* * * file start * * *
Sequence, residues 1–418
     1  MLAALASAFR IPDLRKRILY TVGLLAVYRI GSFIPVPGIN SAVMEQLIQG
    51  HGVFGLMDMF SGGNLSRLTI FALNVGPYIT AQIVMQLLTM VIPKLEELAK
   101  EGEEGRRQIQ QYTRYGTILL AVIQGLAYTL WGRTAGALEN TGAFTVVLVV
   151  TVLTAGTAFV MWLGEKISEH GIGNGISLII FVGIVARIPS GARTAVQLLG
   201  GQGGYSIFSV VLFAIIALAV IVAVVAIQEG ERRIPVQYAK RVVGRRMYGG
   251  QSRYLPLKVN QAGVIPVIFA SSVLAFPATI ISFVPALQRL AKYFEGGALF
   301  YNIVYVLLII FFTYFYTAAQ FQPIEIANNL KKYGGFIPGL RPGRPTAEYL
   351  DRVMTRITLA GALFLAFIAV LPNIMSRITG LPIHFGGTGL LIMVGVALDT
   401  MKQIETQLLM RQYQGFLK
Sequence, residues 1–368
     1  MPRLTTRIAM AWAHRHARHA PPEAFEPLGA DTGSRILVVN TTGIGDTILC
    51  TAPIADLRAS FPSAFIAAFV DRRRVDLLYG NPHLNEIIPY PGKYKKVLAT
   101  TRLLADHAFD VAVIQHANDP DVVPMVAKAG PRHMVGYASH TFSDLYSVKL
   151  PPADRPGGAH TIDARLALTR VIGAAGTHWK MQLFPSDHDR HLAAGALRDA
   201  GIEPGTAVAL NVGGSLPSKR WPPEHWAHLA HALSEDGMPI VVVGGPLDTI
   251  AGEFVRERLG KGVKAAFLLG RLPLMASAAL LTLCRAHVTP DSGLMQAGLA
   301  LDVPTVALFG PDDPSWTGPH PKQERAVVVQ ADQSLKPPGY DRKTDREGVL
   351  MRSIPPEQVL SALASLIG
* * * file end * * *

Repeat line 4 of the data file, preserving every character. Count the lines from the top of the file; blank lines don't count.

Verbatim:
   101  EGEEGRRQIQ QYTRYGTILL AVIQGLAYTL WGRTAGALEN TGAFTVVLVV